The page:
[caption id="attachment_20008" align="alignleft" width="300"] Rich Kenney
Imagine you are on a business trip to New York City. You step off of the Amtrak in Penn Station and wait in the line for a cab. After successfully hailing a ride, you sit in the back seat, ask the driver to take you up to midtown, and pull out your cell phone to make a few calls along the way. Wait "¦ OH NO!!!! Where is my phone???? After thinking through the past hour step by step, you come to the awful conclusion that you left your phone in the seat pocket on the train.
Many thoughts and emotions could enter your brain at this point. Panic and fear are probably at the top of the list. You think through the logistics of what needs to happen. Most of your thoughts have to do with retrieving the device as quickly as possible, but that will take some time and may never happen, so what about the sensitive corporate data that is on your phone? Have you thought about that?
Bring Your Own Device (BYOD for short) is a term given to devices such as cell phones, iPads and computers which are owned by employees and used for work-related activities. In the above scenario, a breach of sensitive information could possibly be one result. Everything from corporate e-mail to important documents and spreadsheets could now be in the hands of, let's just say, the wrong people.
IT departments both small and large have struggled with this issue for several years now. Back in the mid-2000s, many companies issued their employees corporate-owned devices such as Blackberries that were managed and maintained by the IT department. The capabilities of the devices were limited to a list of approved applications, and they were subjected to security policies crafted by IT to enforce mechanisms to keep the data stored on the device safe. Today, when it seems that everyone owns a smartphone, many IT departments have little to no control over who has access to sensitive data.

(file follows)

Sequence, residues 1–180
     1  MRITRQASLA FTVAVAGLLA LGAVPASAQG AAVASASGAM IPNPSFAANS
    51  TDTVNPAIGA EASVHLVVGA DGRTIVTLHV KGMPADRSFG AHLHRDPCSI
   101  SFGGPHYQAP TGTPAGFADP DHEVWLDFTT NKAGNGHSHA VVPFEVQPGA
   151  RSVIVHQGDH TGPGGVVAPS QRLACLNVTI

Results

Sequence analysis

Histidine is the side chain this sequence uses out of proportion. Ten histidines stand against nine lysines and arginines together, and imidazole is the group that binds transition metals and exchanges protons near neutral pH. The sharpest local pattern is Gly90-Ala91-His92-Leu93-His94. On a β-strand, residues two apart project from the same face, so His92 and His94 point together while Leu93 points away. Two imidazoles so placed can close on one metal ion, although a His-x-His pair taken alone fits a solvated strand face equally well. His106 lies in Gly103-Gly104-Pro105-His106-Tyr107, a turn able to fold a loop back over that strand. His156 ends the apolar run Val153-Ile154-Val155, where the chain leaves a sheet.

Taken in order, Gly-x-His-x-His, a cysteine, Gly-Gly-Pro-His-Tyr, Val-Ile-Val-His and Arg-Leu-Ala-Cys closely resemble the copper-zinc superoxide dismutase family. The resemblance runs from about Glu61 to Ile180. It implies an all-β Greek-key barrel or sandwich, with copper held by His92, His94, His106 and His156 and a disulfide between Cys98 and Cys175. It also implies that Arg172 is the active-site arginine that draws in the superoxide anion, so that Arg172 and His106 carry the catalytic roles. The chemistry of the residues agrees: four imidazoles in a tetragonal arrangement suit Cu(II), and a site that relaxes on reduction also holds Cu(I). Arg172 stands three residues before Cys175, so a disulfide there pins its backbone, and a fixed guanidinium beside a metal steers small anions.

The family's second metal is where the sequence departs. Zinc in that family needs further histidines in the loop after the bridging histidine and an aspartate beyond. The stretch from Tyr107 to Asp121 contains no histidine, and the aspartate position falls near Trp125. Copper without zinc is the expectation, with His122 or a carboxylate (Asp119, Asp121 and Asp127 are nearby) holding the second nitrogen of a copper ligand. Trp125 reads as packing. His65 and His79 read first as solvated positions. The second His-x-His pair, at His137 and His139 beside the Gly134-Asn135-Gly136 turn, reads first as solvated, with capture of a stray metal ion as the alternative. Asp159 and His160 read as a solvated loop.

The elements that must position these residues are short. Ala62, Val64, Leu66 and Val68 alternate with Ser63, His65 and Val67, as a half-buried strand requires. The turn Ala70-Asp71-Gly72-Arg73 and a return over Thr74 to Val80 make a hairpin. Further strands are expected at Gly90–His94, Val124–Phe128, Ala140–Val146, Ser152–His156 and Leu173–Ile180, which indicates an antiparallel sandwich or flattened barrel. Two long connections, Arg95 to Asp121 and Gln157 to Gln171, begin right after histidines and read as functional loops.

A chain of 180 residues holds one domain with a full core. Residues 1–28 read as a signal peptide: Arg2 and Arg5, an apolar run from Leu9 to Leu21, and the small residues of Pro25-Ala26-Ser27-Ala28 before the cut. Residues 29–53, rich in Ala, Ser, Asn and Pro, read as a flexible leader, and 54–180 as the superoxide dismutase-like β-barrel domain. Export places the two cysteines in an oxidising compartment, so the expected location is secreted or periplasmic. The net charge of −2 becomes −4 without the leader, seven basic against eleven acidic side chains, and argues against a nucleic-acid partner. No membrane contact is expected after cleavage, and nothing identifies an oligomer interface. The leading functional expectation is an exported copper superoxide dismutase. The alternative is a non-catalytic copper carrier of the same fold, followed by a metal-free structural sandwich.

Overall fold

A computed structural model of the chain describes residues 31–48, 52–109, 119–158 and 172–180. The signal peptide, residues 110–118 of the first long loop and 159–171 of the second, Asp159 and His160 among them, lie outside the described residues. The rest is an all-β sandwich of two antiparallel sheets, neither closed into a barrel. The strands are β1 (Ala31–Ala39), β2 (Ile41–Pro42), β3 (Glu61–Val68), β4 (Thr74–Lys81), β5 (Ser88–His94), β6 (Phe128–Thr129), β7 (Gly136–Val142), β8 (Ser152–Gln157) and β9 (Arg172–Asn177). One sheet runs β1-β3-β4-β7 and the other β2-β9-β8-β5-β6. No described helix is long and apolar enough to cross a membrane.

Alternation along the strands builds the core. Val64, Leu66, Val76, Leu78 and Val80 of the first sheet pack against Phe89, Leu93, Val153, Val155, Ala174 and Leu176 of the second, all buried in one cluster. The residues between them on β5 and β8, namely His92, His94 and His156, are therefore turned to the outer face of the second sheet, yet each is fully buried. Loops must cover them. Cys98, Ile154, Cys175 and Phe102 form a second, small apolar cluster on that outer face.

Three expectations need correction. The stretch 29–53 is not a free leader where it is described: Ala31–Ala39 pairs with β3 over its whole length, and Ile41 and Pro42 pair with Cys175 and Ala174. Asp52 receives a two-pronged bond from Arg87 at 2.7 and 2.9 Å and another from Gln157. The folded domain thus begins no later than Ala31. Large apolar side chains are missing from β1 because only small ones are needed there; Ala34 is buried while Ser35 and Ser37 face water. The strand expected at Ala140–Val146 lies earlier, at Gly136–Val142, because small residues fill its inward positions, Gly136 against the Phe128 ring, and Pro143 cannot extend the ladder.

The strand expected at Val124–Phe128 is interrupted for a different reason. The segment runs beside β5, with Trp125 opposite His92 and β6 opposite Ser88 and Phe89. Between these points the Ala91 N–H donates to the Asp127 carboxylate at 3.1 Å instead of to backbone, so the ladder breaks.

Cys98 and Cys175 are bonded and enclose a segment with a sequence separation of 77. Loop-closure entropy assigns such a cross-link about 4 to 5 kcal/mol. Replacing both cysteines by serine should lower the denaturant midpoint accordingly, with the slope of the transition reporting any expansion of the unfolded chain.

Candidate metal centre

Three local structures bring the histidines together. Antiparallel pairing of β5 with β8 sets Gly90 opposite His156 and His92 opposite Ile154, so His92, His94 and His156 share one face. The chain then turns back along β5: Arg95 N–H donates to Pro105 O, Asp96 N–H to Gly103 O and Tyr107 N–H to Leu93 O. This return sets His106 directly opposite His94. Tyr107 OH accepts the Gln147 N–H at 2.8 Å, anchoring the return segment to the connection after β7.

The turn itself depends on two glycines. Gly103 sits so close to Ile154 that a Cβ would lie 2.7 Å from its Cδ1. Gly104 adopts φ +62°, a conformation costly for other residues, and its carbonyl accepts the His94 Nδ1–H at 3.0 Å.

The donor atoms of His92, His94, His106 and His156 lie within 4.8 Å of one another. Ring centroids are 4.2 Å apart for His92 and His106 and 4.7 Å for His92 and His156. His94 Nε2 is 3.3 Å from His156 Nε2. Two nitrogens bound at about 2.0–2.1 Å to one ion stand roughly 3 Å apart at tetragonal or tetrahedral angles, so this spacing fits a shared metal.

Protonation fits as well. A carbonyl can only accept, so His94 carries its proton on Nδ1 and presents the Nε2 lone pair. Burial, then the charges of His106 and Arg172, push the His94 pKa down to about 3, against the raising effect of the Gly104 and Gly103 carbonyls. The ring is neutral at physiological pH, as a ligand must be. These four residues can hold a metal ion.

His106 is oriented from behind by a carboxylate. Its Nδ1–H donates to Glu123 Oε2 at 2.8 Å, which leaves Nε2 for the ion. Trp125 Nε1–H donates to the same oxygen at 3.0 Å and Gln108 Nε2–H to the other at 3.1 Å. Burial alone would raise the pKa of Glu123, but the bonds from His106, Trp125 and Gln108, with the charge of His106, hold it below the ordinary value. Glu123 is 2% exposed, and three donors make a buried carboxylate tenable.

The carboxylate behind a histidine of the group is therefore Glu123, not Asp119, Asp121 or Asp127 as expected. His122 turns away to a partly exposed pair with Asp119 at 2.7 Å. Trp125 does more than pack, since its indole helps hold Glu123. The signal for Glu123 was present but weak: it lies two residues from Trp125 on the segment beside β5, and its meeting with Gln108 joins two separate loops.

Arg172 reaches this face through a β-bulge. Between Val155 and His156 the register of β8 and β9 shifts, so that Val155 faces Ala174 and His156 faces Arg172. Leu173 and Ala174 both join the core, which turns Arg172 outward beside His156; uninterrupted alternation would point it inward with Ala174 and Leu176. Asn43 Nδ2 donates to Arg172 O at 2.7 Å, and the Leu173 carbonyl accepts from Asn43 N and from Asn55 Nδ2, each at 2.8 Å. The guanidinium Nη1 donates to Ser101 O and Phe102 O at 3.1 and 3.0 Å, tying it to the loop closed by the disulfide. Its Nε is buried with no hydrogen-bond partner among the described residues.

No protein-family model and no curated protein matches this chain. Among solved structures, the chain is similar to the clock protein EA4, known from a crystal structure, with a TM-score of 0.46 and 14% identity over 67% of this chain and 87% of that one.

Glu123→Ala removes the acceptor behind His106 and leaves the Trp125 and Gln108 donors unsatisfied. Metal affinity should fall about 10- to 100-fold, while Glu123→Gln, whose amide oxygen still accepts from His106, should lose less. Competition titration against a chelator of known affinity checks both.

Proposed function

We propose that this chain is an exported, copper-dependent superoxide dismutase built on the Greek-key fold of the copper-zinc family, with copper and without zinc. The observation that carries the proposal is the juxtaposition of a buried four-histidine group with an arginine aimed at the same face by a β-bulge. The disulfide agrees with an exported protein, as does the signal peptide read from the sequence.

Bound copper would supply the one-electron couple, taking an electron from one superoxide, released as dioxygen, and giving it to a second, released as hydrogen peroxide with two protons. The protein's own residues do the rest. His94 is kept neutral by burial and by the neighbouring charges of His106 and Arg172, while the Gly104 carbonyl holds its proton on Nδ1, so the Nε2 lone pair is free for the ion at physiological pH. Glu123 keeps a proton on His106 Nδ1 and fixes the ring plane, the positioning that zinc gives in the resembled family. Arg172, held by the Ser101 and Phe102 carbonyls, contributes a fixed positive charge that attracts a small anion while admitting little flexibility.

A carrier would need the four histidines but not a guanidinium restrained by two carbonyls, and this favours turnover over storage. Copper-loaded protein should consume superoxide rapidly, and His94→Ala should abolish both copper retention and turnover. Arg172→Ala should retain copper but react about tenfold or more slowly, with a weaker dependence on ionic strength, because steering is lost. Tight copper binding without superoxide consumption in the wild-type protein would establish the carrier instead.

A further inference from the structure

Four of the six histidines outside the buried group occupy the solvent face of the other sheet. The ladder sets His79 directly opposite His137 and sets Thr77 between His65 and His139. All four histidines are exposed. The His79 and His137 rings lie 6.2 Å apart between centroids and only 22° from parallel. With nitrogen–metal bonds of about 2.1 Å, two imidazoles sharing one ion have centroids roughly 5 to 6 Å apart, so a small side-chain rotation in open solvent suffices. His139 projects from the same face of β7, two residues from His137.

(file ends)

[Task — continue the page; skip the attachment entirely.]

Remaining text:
Most major corporate e-mail solutions have the ability to remotely wipe all data from a lost or stolen smartphone. But many times, that is simply not a suitable solution to the security issues surrounding BYOD. Enter Mobile Device Management (MDM). There are many MDM solutions available in today's market and quite possibly, your company uses one to control access to corporate data via phones and/or tablets. If your company does not use MDM, perhaps it is time to investigate the options. In general, MDM solutions provide a method for granularly being able remove corporate data from personal devices, track which devices have access to corporate data, set limits on which apps are allowed to be used, and apply policies to enforce basic rules such as a six-digit PIN.
There are several subsets of MDM such as Mobile Application Management (MAM) and Mobile Content Management (MCM), but these features should be part of the complete solution as opposed to a solution by itself. There are also privacy concerns about companies applying tracking and management software to personally owned devices. The general rule when a company chooses to implement an MDM solution is transparency. Employees should know what information is being tracked, what data can be accessed by IT, and what the written policy is concerning BYOD.
Few people want to carry two devices (one for personal and one for business). IT departments have a responsibility to provide a suitable solution for that issue. That solution ideally should involve a central mobile management application, but at a minimum, a written policy should be distributed and signed off on.
Rich Kenney is vice president of Wilmington-based TechSolutions Inc., which has provided skilled technology services to small and midsized businesses since 1999.